Mindfulness for Managing Your Kids’ Stress
By Kara Matheson
Children’s lives are increasingly stressful. Many children feel stressed from living in our fast-paced, media-saturated, multi-tasking world, and many are stressed about performing and succeeding.
An alarming number of children are being diagnosed with ADHD, depression, anxiety, eating disorders and other self-destructive behaviours.
Mindfulness teaches children and teens skills to manage the stresses of modern life, and scientific research is showing that it works.
In a randomised controlled trial conducted by Maria Napoli, Ph.D., 1st, 2nd and 3rd graders participated in a bi-weekly, 12 session program of mindfulness and relaxation.
The children showed significant increases in attention and social skills, decreases in test anxiety and ADHD behaviours at the end of the course, and in repeated measurements three months after their training.
A study conducted by Amy Saltzman, M.D., in collaboration with the Department of Psychology at Stanford University, with 4th – 7th graders and their parents, showed that after one hour of mindfulness training for eight consecutive weeks, the children demonstrated increased ability to reorient their attention to learning and had decreased anxiety.
In research on teaching mindfulness to adolescents conducted by Gina Biegel M.A., MFT, teens reported reduced symptoms of anxiety, depression, and somatic (physical) distress, and increased self-esteem and sleep quality. Independent clinicians documented greater improvement in the mindfulness group versus the control group.
When children and teens learn mindfulness they:
- Practice bringing their attention to their present moment experience
- Exercise the ‘muscle of their attention’
- Learn to do so with compassion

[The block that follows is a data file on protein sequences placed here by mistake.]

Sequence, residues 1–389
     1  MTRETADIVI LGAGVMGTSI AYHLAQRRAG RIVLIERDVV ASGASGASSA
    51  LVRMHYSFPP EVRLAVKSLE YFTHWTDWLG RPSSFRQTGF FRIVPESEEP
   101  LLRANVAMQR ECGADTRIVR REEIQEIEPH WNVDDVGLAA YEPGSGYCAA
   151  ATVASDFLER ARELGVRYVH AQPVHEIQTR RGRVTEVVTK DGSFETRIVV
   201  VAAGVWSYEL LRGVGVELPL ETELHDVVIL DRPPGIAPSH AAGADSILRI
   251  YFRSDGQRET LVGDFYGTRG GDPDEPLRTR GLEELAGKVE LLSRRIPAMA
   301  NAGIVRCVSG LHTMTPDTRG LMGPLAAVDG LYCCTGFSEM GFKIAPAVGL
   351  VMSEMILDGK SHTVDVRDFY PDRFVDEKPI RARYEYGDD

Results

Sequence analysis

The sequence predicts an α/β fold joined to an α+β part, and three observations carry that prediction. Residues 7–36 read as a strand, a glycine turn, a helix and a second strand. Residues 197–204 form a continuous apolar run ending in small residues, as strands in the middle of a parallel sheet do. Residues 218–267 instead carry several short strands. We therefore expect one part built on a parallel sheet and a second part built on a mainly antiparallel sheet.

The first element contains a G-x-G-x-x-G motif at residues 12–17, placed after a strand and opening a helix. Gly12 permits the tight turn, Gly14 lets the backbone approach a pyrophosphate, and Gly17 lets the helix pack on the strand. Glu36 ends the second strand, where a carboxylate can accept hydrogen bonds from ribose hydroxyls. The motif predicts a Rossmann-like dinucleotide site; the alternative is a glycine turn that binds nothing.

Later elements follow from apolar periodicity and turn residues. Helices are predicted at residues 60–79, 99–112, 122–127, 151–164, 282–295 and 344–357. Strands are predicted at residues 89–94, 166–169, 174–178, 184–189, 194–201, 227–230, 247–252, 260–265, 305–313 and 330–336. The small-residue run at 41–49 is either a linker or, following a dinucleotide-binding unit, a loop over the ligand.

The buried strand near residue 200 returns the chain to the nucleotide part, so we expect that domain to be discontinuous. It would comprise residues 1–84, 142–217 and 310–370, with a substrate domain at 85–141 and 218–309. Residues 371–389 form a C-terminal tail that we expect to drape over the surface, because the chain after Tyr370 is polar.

Learning mindfulness in a group with their peers, they discover that they are not alone in their struggles, and have the opportunity to connect with others honestly and authentically in a safe space.
One activity which is used to practice mindfulness is mindful eating. Every step of eating slows down so that it can be noticed: the thoughts that are present before the food is eaten, the appearance of the food, the smell of the food, the feel of the food in the mouth, as it is bitten, and as it is swallowed.
Participants discover how much they notice when they slow down enough to observe the details of their experience, and can begin to see how much of their experience they are missing.
For parents, mindfulness awareness can help you tune into your kids’ needs and feelings in a way that’s healthy for both of you. Mindfulness training has numerous benefits for parents including:
- Improved attention
- Heightened empathy
- Less anxiety & depression
- Better communication with kids
- Increased ability to handle stress
- Increased benefits in the health & functioning of the brain
Teaching mindfulness to kids and teens has been described by Amy Saltzman M.D. as “the truest form of preventive medicine I know.”
As published in Get Ahead Kids’ magazine: http://www.getaheadkids.com.au/Features/2012/19/Mindfulness.html